• Tuesday, 8th March, 2016

    Music in Literature of Nanbeichao China
    Eleanor Lipsey, Ph.D. Candidate in History of Art & Archeaology, SOAS

    When exploring music cultures dating so far in the past that there are no extant music scores, we have only texts and archaeological artefacts from which to glean hints as to the nature of music practices and ideas about music. My research project addresses the question of what clues to Nanbeichao music culture can be found in the literature of the period. Although few extant Nanbeichao texts focus specifically on music, there are numerous stories and essays on other subjects that refer to music and in doing so provide clues to the range of ideas people had about music at the time. These ideas touch on aesthetics, music as cultural capital, the relationship between music and emotion, and musical sounds as symbols of authority. For context I draw on ethnomusicology discourse on power and identity and on the borders between music and speech. In this presentation I give an overview of my project and then give some examples of how the texts illustrate the music culture of the time.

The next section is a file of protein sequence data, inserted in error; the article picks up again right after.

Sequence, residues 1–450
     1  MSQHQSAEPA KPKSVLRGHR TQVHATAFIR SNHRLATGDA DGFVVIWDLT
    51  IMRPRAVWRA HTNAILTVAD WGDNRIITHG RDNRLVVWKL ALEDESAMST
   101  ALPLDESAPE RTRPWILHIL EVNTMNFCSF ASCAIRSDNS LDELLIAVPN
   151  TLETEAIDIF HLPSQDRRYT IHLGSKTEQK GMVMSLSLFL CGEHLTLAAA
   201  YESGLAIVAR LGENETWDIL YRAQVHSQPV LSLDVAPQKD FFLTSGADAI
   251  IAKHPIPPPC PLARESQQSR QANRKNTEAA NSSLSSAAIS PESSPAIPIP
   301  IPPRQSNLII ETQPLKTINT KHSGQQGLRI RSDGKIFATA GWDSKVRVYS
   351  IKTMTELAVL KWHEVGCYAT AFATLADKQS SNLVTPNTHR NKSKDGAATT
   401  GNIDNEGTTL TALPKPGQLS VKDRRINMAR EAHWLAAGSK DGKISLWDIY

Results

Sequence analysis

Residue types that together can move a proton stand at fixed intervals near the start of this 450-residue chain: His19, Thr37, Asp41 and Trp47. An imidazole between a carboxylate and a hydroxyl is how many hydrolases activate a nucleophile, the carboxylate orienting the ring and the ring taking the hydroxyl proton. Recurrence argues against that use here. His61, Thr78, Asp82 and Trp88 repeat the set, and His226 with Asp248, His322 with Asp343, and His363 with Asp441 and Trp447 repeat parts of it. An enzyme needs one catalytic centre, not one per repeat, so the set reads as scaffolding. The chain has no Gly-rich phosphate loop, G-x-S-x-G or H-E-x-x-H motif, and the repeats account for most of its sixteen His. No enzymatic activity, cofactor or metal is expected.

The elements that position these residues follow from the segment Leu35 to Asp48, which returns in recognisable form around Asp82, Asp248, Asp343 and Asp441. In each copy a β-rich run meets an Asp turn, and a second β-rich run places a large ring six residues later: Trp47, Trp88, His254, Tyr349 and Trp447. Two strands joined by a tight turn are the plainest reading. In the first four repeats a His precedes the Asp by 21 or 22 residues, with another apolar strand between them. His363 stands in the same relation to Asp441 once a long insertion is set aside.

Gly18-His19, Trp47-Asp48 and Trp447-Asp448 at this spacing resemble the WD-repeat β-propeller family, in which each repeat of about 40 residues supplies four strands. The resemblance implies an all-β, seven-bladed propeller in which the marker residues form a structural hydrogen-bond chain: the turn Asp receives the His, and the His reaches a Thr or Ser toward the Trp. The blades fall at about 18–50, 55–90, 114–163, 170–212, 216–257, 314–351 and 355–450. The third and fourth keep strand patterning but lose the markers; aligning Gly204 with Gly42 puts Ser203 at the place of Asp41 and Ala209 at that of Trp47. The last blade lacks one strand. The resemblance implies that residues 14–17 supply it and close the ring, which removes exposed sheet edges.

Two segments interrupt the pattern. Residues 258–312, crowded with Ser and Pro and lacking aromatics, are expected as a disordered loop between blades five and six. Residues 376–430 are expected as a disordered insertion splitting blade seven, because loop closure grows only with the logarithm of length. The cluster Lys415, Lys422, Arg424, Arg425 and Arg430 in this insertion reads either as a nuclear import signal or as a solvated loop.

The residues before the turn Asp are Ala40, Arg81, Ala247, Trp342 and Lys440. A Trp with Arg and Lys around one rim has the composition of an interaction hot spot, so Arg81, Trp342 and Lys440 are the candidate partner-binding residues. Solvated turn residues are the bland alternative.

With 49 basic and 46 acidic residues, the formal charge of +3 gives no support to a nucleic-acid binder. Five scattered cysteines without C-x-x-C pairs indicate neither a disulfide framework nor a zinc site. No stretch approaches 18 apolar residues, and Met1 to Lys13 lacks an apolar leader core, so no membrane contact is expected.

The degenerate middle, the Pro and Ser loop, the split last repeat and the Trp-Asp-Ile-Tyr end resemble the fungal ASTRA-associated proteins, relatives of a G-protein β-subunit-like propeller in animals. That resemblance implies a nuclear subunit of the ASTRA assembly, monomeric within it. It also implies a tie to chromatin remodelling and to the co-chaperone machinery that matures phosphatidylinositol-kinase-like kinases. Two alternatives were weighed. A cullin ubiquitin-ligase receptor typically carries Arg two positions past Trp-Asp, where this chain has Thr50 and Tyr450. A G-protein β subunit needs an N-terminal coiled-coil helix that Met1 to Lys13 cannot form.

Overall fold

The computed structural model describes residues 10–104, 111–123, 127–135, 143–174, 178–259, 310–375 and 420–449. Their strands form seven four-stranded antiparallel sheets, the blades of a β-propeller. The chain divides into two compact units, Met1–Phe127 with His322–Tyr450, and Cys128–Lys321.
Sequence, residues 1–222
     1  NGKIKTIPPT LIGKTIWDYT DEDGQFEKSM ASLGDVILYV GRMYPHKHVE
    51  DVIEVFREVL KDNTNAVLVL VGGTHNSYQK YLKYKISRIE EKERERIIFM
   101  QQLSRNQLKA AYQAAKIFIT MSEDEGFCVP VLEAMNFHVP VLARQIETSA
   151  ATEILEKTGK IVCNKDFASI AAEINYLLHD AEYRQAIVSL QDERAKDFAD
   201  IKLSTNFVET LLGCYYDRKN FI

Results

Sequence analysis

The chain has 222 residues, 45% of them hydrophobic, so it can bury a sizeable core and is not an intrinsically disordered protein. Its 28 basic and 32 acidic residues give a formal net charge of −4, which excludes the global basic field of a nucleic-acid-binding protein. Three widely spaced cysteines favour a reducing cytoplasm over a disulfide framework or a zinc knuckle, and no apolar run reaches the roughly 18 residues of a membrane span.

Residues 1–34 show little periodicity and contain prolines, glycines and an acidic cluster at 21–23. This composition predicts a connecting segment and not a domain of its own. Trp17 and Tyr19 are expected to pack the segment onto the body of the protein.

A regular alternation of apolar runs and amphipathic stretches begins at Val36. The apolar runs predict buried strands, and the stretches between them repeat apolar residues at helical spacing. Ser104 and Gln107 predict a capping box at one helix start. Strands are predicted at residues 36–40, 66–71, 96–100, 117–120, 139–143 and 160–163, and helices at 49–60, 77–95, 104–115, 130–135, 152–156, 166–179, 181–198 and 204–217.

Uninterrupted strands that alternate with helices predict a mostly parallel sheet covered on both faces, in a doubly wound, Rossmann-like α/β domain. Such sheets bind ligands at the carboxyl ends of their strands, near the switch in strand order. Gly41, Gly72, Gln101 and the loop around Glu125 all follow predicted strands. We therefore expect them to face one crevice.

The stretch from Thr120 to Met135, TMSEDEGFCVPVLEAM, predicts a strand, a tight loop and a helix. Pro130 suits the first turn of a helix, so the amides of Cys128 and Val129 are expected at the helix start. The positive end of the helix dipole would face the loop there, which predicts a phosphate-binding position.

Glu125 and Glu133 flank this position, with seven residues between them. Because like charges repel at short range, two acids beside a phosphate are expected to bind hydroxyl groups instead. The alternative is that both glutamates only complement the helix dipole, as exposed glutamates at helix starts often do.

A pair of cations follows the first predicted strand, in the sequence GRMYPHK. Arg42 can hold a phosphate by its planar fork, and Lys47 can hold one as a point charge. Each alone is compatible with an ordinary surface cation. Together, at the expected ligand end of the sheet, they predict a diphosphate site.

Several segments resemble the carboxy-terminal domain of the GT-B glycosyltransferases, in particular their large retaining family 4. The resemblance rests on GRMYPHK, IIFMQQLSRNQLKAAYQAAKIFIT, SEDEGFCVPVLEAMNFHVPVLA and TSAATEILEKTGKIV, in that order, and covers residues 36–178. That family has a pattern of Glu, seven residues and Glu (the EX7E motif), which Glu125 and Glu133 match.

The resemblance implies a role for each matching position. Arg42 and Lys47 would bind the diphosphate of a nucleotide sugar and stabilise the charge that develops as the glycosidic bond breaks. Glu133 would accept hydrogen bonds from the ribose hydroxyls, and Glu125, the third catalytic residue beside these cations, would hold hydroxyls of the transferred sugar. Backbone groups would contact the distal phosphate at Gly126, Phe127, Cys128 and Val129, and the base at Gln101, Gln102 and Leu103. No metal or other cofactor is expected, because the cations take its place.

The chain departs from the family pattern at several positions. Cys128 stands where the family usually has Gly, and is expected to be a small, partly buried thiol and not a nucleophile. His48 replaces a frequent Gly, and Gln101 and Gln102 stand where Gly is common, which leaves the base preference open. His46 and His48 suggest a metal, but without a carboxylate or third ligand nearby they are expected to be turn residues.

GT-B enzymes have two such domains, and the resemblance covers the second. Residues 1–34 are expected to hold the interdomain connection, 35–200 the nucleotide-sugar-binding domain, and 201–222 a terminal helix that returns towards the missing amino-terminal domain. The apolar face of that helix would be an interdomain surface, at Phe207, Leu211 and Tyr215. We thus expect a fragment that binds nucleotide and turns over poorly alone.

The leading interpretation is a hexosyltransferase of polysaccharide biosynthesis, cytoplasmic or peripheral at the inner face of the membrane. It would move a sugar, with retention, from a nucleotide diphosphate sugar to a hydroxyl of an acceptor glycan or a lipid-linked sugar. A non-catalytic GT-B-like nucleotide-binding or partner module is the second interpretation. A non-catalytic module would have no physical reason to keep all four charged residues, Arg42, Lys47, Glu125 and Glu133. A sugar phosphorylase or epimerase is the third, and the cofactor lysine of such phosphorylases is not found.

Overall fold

Consciousness and Expression: The Chinese Art Song from the Late 19th Century to the End of the 20th Century
    Lu Zhang, Ph.D. Candidate in Modern Chinese Studies, Lanzhou University